All of the musical memories you shared were music to our ears. The winning voice helped us feel music’s unusual power to captivate and hold. For that, Doug Hinrichs wins this issue’s prize: an iTunes gift certificate he can use to buy whatever music is captivating his attention today.
Finding the Zone
by Doug Hinrichs ('92)
I can scarcely recall any memory from NWU that wasn’t music-related. I was obsessed with the stuff (much to the annoyance of everyone who knew me)—particularly with percussion, my principal instrument.
But I was also in the University Choir. Dr. Wyman knew how to guide the choir into transcendent performances in which we were not singing the music—the music was singing us. Throughout one concert in particular, at the American Choral Directors Association convention in Milwaukee, Wis., I was in that zone. There is truly nothing like it.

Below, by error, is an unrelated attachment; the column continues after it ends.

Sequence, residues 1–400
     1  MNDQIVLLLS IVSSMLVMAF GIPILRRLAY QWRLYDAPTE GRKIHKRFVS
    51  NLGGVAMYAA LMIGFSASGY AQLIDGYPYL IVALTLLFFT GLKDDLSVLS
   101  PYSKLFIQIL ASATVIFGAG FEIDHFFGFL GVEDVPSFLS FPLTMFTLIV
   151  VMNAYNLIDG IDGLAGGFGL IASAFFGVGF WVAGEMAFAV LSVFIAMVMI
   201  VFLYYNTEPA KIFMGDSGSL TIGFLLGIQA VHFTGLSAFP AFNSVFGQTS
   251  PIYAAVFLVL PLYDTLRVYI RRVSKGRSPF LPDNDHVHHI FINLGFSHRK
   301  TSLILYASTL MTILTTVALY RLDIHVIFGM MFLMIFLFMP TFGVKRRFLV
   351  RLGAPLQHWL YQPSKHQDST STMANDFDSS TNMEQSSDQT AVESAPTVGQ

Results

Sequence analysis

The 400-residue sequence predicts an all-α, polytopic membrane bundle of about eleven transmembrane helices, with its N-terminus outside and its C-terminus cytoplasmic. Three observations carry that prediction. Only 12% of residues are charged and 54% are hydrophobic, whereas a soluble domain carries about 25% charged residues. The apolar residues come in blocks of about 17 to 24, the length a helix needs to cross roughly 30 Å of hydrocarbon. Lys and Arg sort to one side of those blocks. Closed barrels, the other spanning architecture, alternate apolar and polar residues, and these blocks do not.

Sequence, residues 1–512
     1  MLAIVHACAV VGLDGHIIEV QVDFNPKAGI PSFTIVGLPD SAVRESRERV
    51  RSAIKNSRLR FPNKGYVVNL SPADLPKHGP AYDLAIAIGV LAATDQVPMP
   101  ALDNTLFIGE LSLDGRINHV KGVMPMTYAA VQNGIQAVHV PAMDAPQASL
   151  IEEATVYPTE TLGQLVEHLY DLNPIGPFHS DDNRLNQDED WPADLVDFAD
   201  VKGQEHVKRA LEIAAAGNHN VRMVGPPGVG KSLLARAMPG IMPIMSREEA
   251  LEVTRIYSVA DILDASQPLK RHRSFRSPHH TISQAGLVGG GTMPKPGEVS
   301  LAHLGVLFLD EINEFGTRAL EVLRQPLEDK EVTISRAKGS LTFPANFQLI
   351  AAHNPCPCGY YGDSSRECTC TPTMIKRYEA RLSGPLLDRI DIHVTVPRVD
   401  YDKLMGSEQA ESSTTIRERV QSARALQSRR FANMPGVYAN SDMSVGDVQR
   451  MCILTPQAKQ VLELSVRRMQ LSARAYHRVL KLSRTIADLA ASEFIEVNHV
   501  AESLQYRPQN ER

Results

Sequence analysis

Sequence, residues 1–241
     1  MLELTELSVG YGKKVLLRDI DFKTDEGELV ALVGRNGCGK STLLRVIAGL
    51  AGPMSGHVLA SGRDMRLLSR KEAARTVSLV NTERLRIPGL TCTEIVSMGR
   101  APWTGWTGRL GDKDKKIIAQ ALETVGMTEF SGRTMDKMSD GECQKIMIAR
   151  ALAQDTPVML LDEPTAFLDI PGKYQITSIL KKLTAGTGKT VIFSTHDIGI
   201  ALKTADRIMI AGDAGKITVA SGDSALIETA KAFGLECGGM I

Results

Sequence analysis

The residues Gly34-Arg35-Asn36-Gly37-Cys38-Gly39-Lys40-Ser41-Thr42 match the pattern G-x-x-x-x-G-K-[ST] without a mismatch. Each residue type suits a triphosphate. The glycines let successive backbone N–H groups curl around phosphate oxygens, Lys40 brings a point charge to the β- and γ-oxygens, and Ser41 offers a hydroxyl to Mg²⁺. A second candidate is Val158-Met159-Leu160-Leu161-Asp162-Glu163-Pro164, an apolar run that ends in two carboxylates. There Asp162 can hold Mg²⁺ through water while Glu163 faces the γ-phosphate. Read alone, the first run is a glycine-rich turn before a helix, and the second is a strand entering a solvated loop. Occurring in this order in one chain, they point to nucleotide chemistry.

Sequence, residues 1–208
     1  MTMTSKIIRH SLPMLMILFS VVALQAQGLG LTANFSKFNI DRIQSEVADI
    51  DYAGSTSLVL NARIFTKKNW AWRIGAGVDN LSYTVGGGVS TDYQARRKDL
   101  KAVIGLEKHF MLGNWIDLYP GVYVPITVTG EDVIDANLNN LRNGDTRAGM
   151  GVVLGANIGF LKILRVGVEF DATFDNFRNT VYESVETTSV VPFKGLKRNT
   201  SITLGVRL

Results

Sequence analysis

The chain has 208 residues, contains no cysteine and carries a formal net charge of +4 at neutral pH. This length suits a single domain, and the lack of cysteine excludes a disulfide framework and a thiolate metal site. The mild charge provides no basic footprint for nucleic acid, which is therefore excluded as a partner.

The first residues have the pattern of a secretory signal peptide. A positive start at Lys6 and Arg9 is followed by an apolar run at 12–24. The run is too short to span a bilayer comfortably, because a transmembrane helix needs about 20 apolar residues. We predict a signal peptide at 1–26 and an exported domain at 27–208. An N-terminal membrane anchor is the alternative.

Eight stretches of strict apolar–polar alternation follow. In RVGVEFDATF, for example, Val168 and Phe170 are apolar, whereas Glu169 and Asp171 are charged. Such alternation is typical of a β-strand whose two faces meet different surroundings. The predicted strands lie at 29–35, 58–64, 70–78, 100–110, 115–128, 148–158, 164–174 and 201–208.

As we approached the end of one piece, “Lux Aeterna,” I left that zone, and took in on a more cerebral level my surroundings. Dr. Wyman steadied his hands as we held the song’s penultimate chord. Then somehow (somehow!) we all moved to the final chord together, even though—I swear on my life!—Dr. Wyman had not moved his hands to cue us at all. In that moment, he didn’t need to. The music owned us, controlled us and made us something infinitely greater than the sum of 50 individuals.
I’ve rarely sung since leaving Nebraska Wesleyan. My livelihood is percussion and I wouldn’t trade it. But at that moment in Milwaukee, I had a new understanding of music as a conduit between minds, a unifier of souls.